In the Tower of Babel myth, people were condemned to speak different languages so that they could not understand one another. Anyone flicking through the management section of an airport bookshop, paying homage at a conference to the latest management gurus or even perusing their corporate newsletter will probably empathise with those unfortunate souls in Babel.
We are encouraged to lean-in, unpack, swarm a problem, pivot, disestablish, re-imagine, circle back, think blue sky, deep dive and that’s without the adoption of the Toyota lexicon (think Kanban, Poke-Yoke, Heijunka, Kaizen). The jargon is bad enough but it’s usually wrapped-up in mangled, grammatically incorrect drivel with tortured prose padding out the rest of the book/speech/newsletter.
In most cases it is completely unnecessary. Very, very few ideas, inventions or innovations are so novel that we need to create a new word to describe it or “re-purpose” an existing one. English is a wonderfully rich and flexible language, more than capable of adequately and elegantly conveying the message of the author/speaker.
Most of the discussion on this topic has centred on staff morale and how annoying staff find it. Listening to a leader trying to set a new direction and instil a sense of urgency by peppering their speech with buzzwords is irritating and challenges the credibility of the leader in the eyes of the audience. Most people switch-off. For others, trying to focus and keep a straight face, when all around colleagues are rolling their eyes, shaking their heads, suppressing disdain or stifling a yawn can be an enjoyable spectator sport – I doubt it was the intended motivational device but schadenfreude can lift the spirits.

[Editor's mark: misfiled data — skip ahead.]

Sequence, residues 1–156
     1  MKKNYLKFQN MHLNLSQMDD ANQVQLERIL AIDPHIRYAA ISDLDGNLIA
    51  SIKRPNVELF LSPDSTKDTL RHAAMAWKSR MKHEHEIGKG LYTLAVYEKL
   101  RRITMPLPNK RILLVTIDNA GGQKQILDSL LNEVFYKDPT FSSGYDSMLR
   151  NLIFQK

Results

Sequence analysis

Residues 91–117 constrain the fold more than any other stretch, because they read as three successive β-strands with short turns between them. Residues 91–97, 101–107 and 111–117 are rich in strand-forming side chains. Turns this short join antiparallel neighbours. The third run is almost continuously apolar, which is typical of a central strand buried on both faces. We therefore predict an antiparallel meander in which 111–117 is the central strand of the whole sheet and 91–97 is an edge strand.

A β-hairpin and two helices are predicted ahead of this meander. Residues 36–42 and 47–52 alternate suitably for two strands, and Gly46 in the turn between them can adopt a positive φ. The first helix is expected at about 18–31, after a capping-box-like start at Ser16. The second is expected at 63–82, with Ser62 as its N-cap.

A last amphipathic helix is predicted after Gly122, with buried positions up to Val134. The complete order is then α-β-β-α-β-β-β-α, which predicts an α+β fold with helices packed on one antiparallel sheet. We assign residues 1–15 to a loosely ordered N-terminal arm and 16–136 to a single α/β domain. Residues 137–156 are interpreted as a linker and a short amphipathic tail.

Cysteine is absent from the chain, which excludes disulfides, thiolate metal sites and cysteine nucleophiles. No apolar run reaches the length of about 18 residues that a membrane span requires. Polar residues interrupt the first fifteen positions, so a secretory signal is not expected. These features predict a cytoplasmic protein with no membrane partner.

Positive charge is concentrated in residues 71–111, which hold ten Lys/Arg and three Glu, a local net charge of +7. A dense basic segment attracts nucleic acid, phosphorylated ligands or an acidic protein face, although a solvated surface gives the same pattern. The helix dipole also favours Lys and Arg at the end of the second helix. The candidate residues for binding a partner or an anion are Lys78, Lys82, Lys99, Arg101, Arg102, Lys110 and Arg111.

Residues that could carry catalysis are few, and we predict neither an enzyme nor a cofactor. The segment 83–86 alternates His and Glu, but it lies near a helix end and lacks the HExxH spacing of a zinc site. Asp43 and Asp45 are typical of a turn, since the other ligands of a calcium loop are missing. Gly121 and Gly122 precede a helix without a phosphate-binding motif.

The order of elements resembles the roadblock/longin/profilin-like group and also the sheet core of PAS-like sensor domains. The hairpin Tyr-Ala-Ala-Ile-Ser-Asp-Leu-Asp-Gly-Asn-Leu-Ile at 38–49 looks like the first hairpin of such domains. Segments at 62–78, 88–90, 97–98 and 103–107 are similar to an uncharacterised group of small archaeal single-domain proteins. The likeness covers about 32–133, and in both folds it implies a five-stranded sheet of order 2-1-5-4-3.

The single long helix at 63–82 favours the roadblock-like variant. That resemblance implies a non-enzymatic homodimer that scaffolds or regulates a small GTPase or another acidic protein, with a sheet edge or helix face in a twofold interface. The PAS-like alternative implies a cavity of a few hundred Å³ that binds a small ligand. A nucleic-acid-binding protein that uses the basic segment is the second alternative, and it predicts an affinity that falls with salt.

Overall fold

For me, the real problem with management gibberish is the more direct impact it has on team productivity: the team have no idea what they are being asked to do, nor how to do it. Anyone who has attempted to learn a new language – especially later in life – will know just how difficult it is to try and understand what is being said in another tongue. Spending even half a day, immersed in a foreign language is physically draining, especially given the focus and concentration required to stay present and connected to the conversation. With so many of us now working in a way that requires communication across both geographic and cultural boundaries, clarity of communication is more important than ever. Imposing the latest jargon on an audience tends to leave even native English speakers mildly bemused and confused; those with English as a second language, completely bamboozled.
If your business is selling ideas, be that as an author, consultant, commentator, mentor or coach, then I understand the need to set yourself apart in a crowded market place. Coining a new phrase or term is a good way to do that, but in the vast majority of cases, I would suggest the witch doctors would enjoy far more professional success if their audience was able to understand them.
What’s The Impact?
Listening to teams in remote locations, desperate to prove that they are connected to the parent organisation by chanting in unison the management babble of the day, many visiting managers leave believing that everyone is ‘on the same page’ and ‘singing from the same hymn sheet’. But if you ask the teams to explain the jargon and how they apply the particular technique or practice, the chances are, at best, you will see blank faces, at worst, confused and embarrassed ones.
The impact on productivity is extraordinary. Teams will expend effort on capturing data, creating reports, meeting to discuss them and identifying action items based on their interpretation. If they fundamentally do not understand what the technique is, or how and why it should be applied, the best result is just a monumental waste of effort. Unfortunately, however, in many cases this lack of understanding can lead to teams choosing the wrong course of action.
What To Do?
Plain and simple – use language that is common to your organisation and culture. The reason that the Toyota lexicon works for Toyota is that it is standard across all of their facilities and everyone understands what “Jidoka” means. So when a new technique looks like it may help your organisation – and every organisation needs to continue to improve and innovate – think very carefully about:
- how you will label it
- how you will describe it
- how it will help, and
- why it’s important.
Build in lots of question and answer opportunities, to check the understanding of your team before rolling it out across the organisation.
For those interested in the topic check out André Spicer’s recent Guardian article.